Homeowners Insurance and a New Dog
Expect your rates to go up when it comes to homeowners insurance and a new dog. A dog is a long term risk increase for an insurance company. Puppies can stain carpet, dogs might chew furniture or walls, and there is the risk of your dog causing injury to someone else or their property. Use our guide below to learn how to save money on home insurance with a new dog.
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UPDATED: Nov 22, 2020
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Before you get a new dog, consider how it will impact your homeowners insurance quotes. Some breeds are such high risks that insurance companies may not even consider you for coverage, and all dogs are potential hazards that will affect your premiums. You are welcome to own any dog you choose, but consider the insurance implications and costs as part of that ownership.
Having a dog is a long term risk increase for the insurance company. Puppies can stain carpet or even cause damage to hardwood floors before they are house-broken, the dog might chew on your furniture or tear down your window coverings, and there will be a danger of the dog causing injury to someone for as long as the animal lives. The insurance company has to consider the long term implications of the dog as part of their calculations for your premiums, and that risk could go up quickly if even a single dog-related claim is filed.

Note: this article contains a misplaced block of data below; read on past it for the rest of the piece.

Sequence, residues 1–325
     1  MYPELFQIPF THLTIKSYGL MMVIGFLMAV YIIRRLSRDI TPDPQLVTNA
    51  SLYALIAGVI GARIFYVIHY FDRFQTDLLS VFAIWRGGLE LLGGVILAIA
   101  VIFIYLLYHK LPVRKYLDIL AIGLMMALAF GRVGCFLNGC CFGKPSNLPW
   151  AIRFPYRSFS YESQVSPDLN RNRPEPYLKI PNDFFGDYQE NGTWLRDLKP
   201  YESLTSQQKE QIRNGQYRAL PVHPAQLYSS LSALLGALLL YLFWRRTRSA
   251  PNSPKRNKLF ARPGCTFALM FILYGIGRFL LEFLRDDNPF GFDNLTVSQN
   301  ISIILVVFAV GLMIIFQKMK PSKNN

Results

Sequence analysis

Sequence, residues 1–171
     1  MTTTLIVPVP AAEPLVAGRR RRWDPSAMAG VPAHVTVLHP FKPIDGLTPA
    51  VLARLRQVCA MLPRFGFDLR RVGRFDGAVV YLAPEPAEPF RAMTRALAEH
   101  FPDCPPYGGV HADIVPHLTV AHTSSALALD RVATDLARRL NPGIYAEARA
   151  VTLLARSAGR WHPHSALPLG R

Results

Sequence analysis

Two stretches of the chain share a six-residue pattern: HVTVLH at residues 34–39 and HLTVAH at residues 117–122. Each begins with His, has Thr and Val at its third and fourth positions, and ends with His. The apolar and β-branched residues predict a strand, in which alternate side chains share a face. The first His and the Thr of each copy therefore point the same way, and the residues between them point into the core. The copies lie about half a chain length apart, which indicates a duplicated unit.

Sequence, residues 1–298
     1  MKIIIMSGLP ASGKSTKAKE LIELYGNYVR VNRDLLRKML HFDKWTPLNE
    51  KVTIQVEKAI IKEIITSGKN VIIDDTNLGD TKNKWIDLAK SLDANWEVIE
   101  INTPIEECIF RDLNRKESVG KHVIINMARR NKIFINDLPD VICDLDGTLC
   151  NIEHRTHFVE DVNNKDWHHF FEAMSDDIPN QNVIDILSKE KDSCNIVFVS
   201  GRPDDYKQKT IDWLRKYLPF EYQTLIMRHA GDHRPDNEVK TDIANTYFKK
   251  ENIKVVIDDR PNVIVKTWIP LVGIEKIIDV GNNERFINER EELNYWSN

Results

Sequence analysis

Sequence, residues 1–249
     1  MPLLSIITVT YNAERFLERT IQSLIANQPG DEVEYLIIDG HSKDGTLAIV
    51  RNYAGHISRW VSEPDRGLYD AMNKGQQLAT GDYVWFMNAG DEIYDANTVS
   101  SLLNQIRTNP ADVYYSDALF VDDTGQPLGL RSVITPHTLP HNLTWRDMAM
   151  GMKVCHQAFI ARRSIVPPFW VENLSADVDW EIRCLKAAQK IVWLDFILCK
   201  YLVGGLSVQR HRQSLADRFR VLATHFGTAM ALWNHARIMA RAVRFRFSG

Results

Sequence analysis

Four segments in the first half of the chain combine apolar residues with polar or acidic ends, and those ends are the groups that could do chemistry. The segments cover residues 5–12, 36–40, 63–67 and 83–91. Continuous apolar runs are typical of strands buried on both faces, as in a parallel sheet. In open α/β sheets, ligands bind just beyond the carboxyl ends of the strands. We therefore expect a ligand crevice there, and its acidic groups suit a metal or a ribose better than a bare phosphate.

All dogs can turn out to be destructive, from the smallest puppy to the largest outside dog. Chihuahuas are known to have hereditary urinary problems which could ruin clothing, furniture and flooring. Many breeds of dogs are notorious diggers and could potential destroy not only a flower garden but your irrigation system or other buried utilities. For the insurance company, owning one dog is a substantial increase in risk, and owning multiple dogs drives the risks up to a near a certainty. You are not being penalized by your insurance company for owning a dog, you are being charged an amount that is considered fair to cover your share of the responsibility for potential dangers.
Some breeds of dog are more violent than others. In some locations, a homeowner who owns bulldogs may find it difficult or even impossible to get home insurance from insurance companies. Because the risk of physical injury to the family members as well as anyone else who may come on the property is so high, regular insurance is simply not enough to protect against the risks. You may be able to mitigate this cost a little by keeping the dogs in a kennel or having a fenced yard, but you cannot
completely the risk no matter what you do.